This day in age, many families are debating whether or not they should take professional portraits, let alone purchase prints and wall art. But before you decide to just take the digital images, you may want to read this.
"We are the most photographed era, with the least number of prints, albums, and artwork."
In September 2016, my husband and I took a trip to Jasper, Texas (our hometown) to visit Melo’s Happy Place and celebrate his second birthday. If you don't know by now, Carmelo "Melo" is my stillborn baby boy and the name and spirit behind Melo and Me Photography. Surprisingly, I did quite well and held the tears in like only a strong Mom can. Even though I know quite well that the ability to hold in tears does not symbolize strength alone.
As painful as it was --it was also refreshing, and while there I stopped by my grandmother’s house. On the way out, I noticed a basket of what looked like albums, and so of course, I opened it. I’ve always been eager to look at pictures and would compare the feeling of rummaging through several photo albums to a kid waking up on Christmas day.
There, in the basket lied memories of my late grandfather, great-grandparents, great-great grandparents, and great-great-great grandparents.
The feeling I felt of touching photographs that’d been passed down from generation to generation was breath-taking. I stared at them the way kids stare at gifts, reminiscing on my childhood and the black and white memories that escaped from the pages of the albums.
I am so grateful that my family valued photographs so much that they decided to leave a piece of our family history behind for us. These are the only photographs my family has to remember our ancestors. Even in a time, where many African-Americans were slaves with no record of their ancestry, and could hardly afford to purchase their own homes or land, my family still managed to preserve their history through photographs..and for that I am forever grateful.
Studies show that this is the most photographed generation, with more than an estimated 1 trillion photographs taken in 2016 alone. You’re probably thinking that’s a good thing right? Well, yes..and no. As we all know, too much of a good thing can be a bad thing. Sure we’re taking photographs, but are we really preserving those memories by keeping them on CDs, DVDs, and USB drives that could potentially become obsolete in the next 10 years?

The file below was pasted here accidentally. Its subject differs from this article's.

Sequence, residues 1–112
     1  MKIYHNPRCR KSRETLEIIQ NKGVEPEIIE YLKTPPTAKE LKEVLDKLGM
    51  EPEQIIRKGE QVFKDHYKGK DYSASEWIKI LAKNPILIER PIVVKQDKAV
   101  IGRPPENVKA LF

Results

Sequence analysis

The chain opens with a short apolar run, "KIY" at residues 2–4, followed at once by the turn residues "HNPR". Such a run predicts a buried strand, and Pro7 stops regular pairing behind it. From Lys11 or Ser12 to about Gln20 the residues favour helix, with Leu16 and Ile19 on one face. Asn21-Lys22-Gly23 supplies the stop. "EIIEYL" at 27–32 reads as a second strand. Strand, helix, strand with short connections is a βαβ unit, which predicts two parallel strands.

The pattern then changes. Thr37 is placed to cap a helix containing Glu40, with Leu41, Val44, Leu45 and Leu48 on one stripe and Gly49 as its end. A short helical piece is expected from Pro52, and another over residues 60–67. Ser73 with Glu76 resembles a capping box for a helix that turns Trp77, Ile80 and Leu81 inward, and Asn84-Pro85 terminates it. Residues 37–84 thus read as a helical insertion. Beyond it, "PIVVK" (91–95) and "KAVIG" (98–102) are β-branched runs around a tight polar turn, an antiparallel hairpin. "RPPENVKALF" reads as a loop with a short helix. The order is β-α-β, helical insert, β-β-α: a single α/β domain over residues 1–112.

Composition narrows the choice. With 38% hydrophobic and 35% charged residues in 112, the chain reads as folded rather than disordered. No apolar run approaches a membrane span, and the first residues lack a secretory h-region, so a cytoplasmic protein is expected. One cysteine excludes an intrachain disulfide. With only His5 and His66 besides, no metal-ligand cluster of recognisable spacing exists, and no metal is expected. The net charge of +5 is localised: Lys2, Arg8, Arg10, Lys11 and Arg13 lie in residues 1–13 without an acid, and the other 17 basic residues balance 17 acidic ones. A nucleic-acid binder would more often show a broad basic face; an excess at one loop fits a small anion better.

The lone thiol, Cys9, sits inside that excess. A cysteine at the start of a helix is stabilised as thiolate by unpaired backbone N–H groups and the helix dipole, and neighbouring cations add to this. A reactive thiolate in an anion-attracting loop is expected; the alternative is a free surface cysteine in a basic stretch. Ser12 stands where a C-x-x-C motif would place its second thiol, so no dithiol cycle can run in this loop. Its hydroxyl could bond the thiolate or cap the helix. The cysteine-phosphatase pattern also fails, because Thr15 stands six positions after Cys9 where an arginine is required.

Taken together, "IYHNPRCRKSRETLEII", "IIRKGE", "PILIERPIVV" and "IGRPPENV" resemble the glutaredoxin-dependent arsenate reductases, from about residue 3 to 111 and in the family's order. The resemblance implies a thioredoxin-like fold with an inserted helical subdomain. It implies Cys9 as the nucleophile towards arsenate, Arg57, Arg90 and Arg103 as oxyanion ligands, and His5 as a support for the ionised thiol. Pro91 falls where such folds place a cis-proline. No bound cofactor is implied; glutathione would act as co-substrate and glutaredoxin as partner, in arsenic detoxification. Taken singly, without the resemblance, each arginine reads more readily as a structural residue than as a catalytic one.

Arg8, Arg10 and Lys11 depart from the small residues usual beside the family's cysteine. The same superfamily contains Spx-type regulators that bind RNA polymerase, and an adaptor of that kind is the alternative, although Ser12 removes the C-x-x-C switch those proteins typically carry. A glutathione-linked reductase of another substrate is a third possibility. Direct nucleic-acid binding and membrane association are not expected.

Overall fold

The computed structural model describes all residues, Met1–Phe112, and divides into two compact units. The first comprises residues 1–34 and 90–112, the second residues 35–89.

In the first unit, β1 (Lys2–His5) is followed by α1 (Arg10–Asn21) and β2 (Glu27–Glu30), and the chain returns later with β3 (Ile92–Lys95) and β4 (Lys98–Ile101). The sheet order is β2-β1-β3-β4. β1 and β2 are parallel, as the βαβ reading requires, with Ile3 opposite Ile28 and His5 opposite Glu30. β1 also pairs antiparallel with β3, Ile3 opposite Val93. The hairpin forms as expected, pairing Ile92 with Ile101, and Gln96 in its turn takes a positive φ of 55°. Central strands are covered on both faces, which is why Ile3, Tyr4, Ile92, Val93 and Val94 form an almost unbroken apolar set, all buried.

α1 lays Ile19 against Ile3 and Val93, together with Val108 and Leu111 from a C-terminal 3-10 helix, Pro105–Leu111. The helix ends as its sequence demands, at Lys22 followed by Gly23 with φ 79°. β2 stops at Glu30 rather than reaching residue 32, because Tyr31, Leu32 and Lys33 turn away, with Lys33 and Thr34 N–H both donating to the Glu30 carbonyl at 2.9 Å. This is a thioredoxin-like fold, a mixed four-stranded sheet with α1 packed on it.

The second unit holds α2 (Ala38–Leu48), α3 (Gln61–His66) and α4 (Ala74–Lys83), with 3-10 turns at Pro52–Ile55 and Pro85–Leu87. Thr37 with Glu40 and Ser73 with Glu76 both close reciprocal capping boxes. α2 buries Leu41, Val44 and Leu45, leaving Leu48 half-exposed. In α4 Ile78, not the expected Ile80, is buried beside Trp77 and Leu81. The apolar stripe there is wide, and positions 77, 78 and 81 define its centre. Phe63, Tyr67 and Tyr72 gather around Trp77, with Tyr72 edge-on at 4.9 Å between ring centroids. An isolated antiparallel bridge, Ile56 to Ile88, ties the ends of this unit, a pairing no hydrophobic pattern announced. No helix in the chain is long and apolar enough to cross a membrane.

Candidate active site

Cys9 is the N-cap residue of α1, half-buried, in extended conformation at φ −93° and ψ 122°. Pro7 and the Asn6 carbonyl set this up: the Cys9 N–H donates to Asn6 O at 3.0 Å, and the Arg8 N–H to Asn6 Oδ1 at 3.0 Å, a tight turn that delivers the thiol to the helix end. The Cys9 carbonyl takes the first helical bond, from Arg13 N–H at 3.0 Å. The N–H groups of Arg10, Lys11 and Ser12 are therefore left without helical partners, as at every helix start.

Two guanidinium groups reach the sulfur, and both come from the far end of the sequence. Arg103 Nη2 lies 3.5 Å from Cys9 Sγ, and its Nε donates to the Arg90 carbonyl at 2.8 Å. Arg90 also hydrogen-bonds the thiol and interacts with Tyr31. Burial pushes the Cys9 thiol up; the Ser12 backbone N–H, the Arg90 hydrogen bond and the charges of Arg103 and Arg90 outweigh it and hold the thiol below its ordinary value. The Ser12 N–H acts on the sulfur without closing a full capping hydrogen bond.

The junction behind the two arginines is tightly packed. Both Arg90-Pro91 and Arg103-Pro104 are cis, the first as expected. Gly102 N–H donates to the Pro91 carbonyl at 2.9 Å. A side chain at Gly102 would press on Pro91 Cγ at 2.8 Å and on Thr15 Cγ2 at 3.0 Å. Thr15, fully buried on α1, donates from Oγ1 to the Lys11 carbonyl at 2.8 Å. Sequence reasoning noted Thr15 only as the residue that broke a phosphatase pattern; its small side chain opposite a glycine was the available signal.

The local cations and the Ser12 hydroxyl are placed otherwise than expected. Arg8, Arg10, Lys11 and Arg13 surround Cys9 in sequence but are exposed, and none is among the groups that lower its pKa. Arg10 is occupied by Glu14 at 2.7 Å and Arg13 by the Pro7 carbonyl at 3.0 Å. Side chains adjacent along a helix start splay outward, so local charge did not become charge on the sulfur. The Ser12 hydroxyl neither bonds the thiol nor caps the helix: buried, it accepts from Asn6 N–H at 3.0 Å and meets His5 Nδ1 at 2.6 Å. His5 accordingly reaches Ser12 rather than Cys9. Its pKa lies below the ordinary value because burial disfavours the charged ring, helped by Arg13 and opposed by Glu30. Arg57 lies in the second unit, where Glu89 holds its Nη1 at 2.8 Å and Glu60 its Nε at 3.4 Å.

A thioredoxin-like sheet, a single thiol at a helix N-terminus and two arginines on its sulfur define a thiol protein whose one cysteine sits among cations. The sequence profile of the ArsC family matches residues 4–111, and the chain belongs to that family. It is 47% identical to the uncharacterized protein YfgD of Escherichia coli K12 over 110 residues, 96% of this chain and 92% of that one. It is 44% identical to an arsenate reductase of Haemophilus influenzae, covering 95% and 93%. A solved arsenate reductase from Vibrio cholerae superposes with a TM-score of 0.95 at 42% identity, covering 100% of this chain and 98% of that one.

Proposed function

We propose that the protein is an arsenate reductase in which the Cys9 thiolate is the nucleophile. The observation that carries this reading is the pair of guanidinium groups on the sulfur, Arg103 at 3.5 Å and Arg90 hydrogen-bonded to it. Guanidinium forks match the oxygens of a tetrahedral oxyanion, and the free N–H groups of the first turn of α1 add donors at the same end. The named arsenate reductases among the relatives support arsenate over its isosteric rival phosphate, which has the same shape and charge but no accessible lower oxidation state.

“According to a nationwide survey conducted by Professional Photographers of America (PPA), 42% of people (ages 30-44) will likely look back and wonder where photos of their childhood, holiday get-togethers, relatives and friends have gone decades from now.”
The survey also revealed that “nearly 70% of people no longer have photo albums” and 53% of people said they haven’t printed a photo in more than 12 months or longer.
So what does this mean?
In 1910, flash drives, CD/DVD-roms, floppy disks and other technological mediums that could possibly hold digital files in today’s age, did not exist. But can you guess what my great-great-great-grandparents did have to preserve their memories? Prints.
Because even with technological advancements and changes, prints have always served as family heirlooms. These photographs serve as time-capsules encompassing a piece of each of my family’s memories. Looking at them on the computer or phone is great, but touching them is even better.
That’s why I’m proud to announce that Melo and Me Photography now offers our clients family heirlooms to pass down to generations! Signature albums, heirloom boxes, and canvases make great art pieces to display in your home.
Ask me how you can invest in family portraits and photographs that are guaranteed to last more than a lifetime. I take the time to shoot each session and vision with your family’s style in mind. You deserve prints to pass on to your descendants. Let me help guide you in selecting the perfect artwork for your home, by completing the form below.